Rakoczy, a noble family of Transylvania, several members of which were princes of that country. Of these, George I. (1631-'48) made himself conspicuous by his cooperation with the Swedes in the latter years of the thirty years' war, when he succeeded in forcing the emperor Ferdinand III. to restore the liberties of Hungary by the treaty of Linz (1645). (See Actes et documents pour servir ŕ l'histoire de l'alliance de George Rákóczy axec les Français et les Suédois, etc, by A. Szilágyi, Pesth, 1875.) His son George II. was less successful in a war with Poland (1657). The most celebrated member of the family, Feancis II., grandson of the preceding, born in 1676, died at Rodos-to, Turkey, April 8, 1735. After the death of his father, Francis I., and the surrender of Munkács to the Austrians after a heroic defence by his mother, he was brought up under the care of the court of Vienna, and during the insurrection under Tökölyi was placed under the Jesuits in Bohemia, who strove in vain to induce him to abjure Protestantism. Subsequently he received part of the estates of his relatives, and was permitted to reside in Hungary. Accused of being engaged in a conspiracy to excite rebellion, he was taken in May, 1701, to Austria, and confined in a dungeon at Wiener-Neustadt; but he escaped and fled to Poland, and in 1703 suddenly appeared in the vicinity of Munkács, collected an insurrectionary band, and issued a bitter manifesto against Austria. He was subsidized by Louis XIV., then engaged in the war of the Spanish succession, and after a short time had most of Hungary and Transylvania in his power, and even threatened Vienna. The revolted Hungarian districts and cities in 1705 formed a confederation similar to those of Poland, appointing Rákóczy, who had previously been elected prince of Transylvania, their chief with the title of dux (Hung. vezér). But in August, 1708, while investing Trentschin, he was surprised and badly defeated by the Austrian general Heister, and barely escaped.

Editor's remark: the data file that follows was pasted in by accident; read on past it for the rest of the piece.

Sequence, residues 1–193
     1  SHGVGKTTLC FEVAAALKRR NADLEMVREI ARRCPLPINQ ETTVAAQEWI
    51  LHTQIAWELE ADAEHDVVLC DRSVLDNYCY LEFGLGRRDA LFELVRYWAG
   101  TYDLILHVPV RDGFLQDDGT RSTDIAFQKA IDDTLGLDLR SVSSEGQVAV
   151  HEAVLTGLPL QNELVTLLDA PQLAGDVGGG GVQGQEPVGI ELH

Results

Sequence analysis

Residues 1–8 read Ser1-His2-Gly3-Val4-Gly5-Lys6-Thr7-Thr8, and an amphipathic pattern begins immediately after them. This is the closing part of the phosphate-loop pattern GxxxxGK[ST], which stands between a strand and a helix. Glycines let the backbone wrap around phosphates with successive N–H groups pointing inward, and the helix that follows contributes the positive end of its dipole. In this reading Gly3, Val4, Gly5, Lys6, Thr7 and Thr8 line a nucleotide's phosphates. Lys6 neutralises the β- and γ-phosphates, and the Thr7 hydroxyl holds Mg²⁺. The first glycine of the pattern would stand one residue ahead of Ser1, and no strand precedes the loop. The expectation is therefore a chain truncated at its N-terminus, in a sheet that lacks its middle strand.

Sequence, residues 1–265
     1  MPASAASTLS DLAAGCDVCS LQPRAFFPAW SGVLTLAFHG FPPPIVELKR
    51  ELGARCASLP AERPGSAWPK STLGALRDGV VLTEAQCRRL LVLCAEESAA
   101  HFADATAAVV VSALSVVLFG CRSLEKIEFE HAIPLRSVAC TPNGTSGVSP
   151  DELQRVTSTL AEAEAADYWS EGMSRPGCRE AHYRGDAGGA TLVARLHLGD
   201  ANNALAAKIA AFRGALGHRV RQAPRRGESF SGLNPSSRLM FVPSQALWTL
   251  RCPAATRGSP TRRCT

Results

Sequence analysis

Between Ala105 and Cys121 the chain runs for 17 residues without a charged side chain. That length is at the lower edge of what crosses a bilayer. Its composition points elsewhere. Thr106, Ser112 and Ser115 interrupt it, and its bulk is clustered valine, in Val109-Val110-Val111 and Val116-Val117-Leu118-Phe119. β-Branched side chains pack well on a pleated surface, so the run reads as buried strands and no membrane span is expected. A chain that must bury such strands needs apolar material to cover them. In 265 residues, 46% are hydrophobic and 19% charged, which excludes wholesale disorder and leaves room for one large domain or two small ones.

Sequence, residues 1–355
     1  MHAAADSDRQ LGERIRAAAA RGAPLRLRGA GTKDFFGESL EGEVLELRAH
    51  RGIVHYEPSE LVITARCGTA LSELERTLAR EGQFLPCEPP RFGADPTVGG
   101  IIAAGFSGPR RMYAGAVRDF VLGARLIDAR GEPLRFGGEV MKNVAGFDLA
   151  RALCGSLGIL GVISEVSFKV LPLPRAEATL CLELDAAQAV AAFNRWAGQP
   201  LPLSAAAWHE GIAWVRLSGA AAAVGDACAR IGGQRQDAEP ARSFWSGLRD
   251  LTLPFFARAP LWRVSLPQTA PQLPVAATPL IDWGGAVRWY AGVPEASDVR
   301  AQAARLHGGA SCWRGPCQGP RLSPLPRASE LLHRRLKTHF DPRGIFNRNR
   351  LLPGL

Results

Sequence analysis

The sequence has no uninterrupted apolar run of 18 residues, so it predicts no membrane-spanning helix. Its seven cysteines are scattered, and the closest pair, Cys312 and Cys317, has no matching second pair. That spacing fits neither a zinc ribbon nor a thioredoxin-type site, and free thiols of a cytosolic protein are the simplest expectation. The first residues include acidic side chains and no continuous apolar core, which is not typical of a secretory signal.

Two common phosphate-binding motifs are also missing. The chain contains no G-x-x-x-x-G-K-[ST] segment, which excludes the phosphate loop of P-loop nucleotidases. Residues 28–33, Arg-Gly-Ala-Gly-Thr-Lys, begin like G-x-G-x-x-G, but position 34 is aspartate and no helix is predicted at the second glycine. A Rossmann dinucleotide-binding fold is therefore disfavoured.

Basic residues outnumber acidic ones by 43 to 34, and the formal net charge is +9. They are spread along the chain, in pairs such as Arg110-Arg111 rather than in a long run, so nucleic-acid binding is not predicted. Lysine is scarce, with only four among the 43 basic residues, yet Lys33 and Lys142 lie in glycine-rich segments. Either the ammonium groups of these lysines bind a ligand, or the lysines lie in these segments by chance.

From this time the arms of Austria were in the ascendant, and her victories in the field were assisted by the dissensions which long before had manifested themselves among the confederates. Rákóczy having gone to Poland, in order to meet with Peter the Great of Russia, a peace was concluded in his absence between Austria and the confederates at Szatmár in 1711. After living several years in France and Spain, Rákóczy went to Turkey, and with other refugees passed the rest of his life at the castle of Rodosto on the sea of Marmora. He wrote a narrative of the struggle in Hungary under the title of Mémoires sur les révolutions de Hongrie (the Hague, 1738). He also composed meditations, hymns, soliloquies, and a commentary on the Pentateuch.